Venomous Snakes In The Garden – How To Avoid The Danger


In areas where poisonous snakes are known to visit gardens, three approaches are commonly adopted by the homeowner. One is to be so frightened of the thought of such creatures lurking in the undergrowth that the outdoor space is paved over instead of being turned into a garden. A second approach, by far the more common, is to be unaware or to ignore the potential danger and to pretend it does not exist. The third and best option is to continue to use the garden without fear and trepidation, but to take one particular step that for all practical purposes, removes all possibility of venomous snakes threatening the safety of those who use the garden.

The legitimate fear of snakes should neither deter one from planting a garden, nor from covering the earth with some form of organic mulch; actions that encourage wildlife to visit the garden and even take up residence there. The garden, in order to function as a healthy, vital and balanced eco-system needs in fact to be a magnet for as many different organisms as possible. The consequence is that some unwanted visitors may turn up uninvited, along with the rest of the guests. Conversely, a garden that is hostile to wildlife, (as a result of the use of pesticides and chemical fertilizers) may deter snakes from it, but will pose a threat to the health of the family from many other sources. The challenge therefore, is how to make the garden as environmentally friendly as possible (that means a garden that contains a vast number and variety of organisms) while removing the danger of venomous snakes from it.

Cats in the garden

The most effective way of ensuring that snakes do not raise their heads within the vicinity of your home and garden is to keep a domestic cat or two in the backyard. This may strike some as strange advice to offer, particularly as many people are actually looking for solutions to the problems that cats themselves cause. However, if the drawbacks of a cat are recognized, and the damage reduced to minimal proportions, then in principle, the threat from poisonous snakes can be neutralized with almost no detrimental affect on the garden.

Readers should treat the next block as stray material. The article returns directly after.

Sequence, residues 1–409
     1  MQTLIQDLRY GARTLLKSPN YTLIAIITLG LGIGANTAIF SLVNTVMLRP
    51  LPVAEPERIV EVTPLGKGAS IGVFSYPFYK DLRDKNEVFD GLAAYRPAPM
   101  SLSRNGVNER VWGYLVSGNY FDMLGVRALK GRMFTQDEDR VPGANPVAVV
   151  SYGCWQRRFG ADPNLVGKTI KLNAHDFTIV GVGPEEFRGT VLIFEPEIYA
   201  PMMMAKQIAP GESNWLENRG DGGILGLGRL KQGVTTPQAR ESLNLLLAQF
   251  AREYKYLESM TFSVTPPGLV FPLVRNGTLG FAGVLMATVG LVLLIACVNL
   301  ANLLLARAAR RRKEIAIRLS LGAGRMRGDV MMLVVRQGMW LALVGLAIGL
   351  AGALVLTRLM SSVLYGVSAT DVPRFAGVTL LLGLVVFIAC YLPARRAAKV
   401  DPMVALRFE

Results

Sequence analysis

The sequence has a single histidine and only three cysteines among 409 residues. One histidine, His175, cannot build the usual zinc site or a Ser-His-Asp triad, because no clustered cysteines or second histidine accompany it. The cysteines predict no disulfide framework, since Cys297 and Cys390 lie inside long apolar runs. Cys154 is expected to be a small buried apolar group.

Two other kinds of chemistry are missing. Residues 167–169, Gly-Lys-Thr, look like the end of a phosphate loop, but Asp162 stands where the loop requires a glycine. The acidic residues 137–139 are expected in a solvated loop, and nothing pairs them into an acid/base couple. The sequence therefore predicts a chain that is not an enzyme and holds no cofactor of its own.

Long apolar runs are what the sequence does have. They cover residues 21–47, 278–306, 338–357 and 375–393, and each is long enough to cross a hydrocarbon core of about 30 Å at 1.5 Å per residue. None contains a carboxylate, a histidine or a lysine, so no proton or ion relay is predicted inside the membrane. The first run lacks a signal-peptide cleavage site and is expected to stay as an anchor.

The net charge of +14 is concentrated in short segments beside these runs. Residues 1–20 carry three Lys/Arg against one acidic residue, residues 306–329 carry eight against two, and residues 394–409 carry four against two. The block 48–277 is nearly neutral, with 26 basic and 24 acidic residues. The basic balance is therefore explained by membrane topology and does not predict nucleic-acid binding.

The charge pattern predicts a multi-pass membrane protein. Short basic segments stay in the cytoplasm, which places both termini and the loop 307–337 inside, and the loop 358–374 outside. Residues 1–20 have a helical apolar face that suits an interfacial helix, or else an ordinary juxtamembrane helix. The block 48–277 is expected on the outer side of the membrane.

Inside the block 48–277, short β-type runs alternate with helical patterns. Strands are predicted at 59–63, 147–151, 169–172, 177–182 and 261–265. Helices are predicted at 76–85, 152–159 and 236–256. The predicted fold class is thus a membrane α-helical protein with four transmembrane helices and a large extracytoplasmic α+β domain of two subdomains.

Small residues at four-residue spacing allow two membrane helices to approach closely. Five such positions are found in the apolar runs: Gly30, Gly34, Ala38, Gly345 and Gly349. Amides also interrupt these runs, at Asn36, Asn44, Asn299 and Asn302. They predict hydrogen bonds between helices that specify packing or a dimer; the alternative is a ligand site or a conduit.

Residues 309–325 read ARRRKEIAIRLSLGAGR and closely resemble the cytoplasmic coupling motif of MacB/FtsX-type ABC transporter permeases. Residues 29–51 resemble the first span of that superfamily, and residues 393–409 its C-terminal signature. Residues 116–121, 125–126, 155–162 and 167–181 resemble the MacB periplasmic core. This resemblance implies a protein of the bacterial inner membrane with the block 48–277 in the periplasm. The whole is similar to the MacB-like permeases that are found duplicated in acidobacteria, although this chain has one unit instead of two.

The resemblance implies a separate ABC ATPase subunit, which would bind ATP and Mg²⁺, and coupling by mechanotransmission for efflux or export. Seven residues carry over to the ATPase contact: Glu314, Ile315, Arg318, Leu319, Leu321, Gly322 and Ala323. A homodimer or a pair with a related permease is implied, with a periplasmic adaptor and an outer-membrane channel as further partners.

There are two basic problems associated with cats. One is their propensity to dig up a section of a garden bed for toilet purposes. This can easily be overcome by training the cat to use a litter tray, exactly as one would with a house bound pet. In any case, at worst, the damage cats inflict on a garden cannot be remotely compared to the devastation that dogs are liable to inflict.

The second issue is one of quantity. A situation where tens of strays are attracted to the garden, is obviously undesirable, to say the least. It’s vital therefore to neuter the cats, whether male or female, thereby removing the main source of attraction for neighboring cats to use your garden. It should not be forgotten that cats are also territorial by nature, and if provided with small amounts of food on a regular basis, usually claim the area as their own, and manage to keep out all but the most persistent invading stray. That one you might have to shoo away now and again!


Source by Jonathan Ya’akobi

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